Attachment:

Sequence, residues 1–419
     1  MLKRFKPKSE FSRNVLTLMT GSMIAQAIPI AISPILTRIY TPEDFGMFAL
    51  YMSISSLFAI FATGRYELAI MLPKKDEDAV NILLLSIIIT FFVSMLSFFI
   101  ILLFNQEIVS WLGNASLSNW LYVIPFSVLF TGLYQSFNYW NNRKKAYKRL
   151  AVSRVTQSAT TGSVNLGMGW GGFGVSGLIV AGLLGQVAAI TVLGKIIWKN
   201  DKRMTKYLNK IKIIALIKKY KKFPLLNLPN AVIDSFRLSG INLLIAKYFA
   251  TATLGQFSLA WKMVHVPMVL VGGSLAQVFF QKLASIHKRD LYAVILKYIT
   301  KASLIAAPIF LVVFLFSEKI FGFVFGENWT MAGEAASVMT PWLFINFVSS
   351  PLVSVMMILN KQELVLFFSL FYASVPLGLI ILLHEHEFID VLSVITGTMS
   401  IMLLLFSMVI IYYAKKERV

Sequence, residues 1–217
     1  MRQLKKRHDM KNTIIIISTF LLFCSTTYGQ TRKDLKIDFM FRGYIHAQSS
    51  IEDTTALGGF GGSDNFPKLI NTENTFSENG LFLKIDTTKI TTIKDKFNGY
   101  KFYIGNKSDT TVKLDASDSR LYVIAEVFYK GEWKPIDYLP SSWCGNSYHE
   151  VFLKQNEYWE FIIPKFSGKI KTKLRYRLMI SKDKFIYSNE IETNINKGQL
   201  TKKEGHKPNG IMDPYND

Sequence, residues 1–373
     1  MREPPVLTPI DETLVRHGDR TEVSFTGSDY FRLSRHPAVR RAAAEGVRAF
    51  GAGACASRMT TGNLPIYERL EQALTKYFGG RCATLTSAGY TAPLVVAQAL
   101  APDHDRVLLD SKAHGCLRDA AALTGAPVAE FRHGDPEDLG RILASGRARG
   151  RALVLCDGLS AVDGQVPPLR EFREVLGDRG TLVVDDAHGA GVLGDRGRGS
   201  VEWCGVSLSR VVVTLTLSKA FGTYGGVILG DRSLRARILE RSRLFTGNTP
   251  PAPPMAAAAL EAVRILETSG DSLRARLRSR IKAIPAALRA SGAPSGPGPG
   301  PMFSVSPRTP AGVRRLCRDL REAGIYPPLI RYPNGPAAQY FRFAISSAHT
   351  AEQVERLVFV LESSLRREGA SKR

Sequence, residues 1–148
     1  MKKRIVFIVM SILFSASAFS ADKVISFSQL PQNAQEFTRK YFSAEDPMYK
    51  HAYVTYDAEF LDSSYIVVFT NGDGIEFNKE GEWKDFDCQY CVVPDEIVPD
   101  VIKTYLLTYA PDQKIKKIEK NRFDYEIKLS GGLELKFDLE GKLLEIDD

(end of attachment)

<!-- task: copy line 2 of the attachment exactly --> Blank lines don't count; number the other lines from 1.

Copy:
     1  MLKRFKPKSE FSRNVLTLMT GSMIAQAIPI AISPILTRIY TPEDFGMFAL